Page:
Strings of Mercy

Changing the way we care for the suffering through Live Therapeutic Music

Certified Music Practitioner playing Live Therapeutic Music at the bedside of a hospital patient

What is LTM?

LTM stands for Live Therapeutic Music.  Why "Live?"  LTM must be live so that the Music Practitioner (CMP) can adjust the music as the patient listens and responds. Recorded music cannot be modified should the patient require a change of mode, tempo, or volume, nor can recorded music be adjusted to entrain with a patient's body cycles or rhythms.

Who can benefit from LTM?

Any patient can benefit from a Live Therapeutic Music session. Patients who benefit the most are patients who show symptoms of pain, anxiety, agitation, terminal agitation, respiratory distress, dementia or patients who are at the end of life.  LTM sessions are not based on a diagnosis or prognosis, but on the physical condition and/or observed symptoms of the patient at the time of that the LTM is provided.

How long is an LTM Session?

Sessions vary in length depending on the condition and circumstances surrounding the patient.  They typically range from 20-40 minutes.

What is a CMP?

CMP Stands for Certified Music Practitioner. This designation is given to musicians who complete a course of study and certification from the Music for Healing and Transition Program (MHTP) or other governing body.  CMPs work with patients in various healthcare institutions, including hospitals, skilled nursing facilities, hospice or memory care facilities. CMPs also work with patients at assisted living facilities, nursing homes, and infusion centers.

How does someone become a CMP?

Interested musicians become CMPs by requesting admission into the Music for Healing and Transition Program. The candidate is screened for musical proficiency prior to and after taking the required course work. The CMP candidate then participates in a supervised MHTP Practicum and Intern program. Upon completing these requirements, the student must pass a final exam of the five training modules and submit recordings of various music that is prescribed for specific patient conditions and symptoms. Upon completing these requirements, the student is then certified by MHTP as a CMP.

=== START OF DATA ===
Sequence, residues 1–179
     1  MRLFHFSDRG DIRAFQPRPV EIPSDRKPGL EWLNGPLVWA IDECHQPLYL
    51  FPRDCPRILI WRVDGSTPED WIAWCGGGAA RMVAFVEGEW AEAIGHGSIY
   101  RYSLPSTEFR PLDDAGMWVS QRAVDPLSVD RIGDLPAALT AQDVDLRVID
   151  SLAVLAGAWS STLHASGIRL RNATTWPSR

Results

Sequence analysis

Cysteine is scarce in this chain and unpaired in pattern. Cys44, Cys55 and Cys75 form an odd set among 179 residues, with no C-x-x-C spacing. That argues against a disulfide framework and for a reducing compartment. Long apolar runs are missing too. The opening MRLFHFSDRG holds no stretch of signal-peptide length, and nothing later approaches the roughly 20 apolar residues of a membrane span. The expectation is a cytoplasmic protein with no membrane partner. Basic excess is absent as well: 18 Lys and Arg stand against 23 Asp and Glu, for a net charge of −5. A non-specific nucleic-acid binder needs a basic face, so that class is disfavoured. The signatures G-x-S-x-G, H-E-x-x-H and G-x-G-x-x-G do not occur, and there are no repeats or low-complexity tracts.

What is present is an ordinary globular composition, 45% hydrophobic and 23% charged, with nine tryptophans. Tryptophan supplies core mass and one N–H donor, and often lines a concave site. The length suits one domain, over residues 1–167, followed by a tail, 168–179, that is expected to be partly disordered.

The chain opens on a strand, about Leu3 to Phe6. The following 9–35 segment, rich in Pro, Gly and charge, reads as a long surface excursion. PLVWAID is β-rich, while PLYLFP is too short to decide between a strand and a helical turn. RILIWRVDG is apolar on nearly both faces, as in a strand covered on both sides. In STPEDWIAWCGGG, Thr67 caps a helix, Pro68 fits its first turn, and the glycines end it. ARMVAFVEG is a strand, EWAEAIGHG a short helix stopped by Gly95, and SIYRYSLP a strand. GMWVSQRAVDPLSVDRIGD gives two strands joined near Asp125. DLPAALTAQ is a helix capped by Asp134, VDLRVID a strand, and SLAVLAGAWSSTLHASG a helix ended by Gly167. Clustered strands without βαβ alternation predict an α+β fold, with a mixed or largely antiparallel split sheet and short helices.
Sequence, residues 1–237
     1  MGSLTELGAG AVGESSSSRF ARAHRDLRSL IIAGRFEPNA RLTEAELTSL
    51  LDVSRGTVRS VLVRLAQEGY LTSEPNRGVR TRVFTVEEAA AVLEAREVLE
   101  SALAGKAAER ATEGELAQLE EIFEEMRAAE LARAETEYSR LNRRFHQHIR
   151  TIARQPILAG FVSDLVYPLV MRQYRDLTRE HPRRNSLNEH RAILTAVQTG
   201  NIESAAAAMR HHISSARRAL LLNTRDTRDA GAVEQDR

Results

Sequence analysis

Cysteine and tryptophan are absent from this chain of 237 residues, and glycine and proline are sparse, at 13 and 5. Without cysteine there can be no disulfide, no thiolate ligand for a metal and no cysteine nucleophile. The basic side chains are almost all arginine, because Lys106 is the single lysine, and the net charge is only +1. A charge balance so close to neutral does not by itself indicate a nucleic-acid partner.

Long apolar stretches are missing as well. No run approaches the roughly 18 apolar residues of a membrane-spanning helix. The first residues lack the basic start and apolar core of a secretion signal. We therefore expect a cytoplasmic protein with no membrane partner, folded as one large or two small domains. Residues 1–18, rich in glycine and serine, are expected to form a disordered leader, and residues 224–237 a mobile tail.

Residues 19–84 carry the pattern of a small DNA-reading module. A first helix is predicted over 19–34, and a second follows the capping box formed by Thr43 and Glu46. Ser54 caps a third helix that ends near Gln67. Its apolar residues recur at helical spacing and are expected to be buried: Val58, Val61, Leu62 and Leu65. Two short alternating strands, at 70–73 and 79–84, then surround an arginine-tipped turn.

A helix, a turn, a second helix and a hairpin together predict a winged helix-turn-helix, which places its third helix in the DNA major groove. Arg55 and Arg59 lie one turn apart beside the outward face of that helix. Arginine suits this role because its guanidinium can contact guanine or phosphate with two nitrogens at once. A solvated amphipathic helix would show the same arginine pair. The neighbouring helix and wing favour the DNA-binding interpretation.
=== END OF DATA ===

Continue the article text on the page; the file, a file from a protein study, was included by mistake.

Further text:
Certified Music Practitioner playing  Live Therapeutic Music on a harp for a patient

How do LTM and Music Therapy Differ?

LTM can be thought of as a form of sound therapy since it emphasizes the sonic characteristics of music as the element that positively impacts a patient’s health. LTM is always live music and has no specific goal other than to create a healing environment for the  patient.  Music Therapy, on the other hand, is prescribed by a physician for specific outcomes that the therapist works to achieve with the patient. A Music Therapist may use recorded music, or lead interactive sessions where patients write or perform music with the therapist, often in group sessions.  Conversely, LTM is always played for individual patients, allowing the therapeutic musician to alter the music based on a single patient's response. 

Is all LTM played on acoustic instruments?

LTM is usually played on acoustic instruments or the human voice; however, some CMPs use electronic keyboards. Acoustic instruments are preferred as the tonal qualities of acoustic (stringed instruments) have harmonic overtones that are not present in digital or music produced by electric instruments.  These overtones improve the process of sympathetic vibration and entrainment, which are foundational elements of LTM.

What instruments work best with LTM?

The harp provides the most expansive range of tones and frequencies used for LTM. Other stringed instruments include Dulcimer, guitar, violin, viola, and cello.  Banjos and Mandolins typically produce tones that are too high and cannot produce lower frequencies. Many CMPs also sing or hum acapella.

How can I find a CMP near me?

A list of CMPs who are current with MHTP can be found on MHTP’s website at http://www.mhtp.org.

Are all Therapeutic Music Programs alike?

Various Therapeutic Music Programs vary slightly, but all accredited programs must follow minimum standards established by the National Standards Board for Therapeutic Musicians (NSBTM).  This organization reviews and sets standards for Therapeutic Musicians who are certified with MHTP, the International Harp Therapy Program and the Bedside Harp Therapy Program.

Does insurance cover LTM?

Live Therapeutic Music is not a reimbursable expense covered by private insurance or Medicare.  Part of the reason that Strings of Mercy was started was to raise awareness of the benefits of LTM and help raise funds to pay CMPs so they can provide LTM services to patients in need.

We'd love to answer them!

This site is protected by reCAPTCHA and the Google Privacy Policy and Terms of Service apply.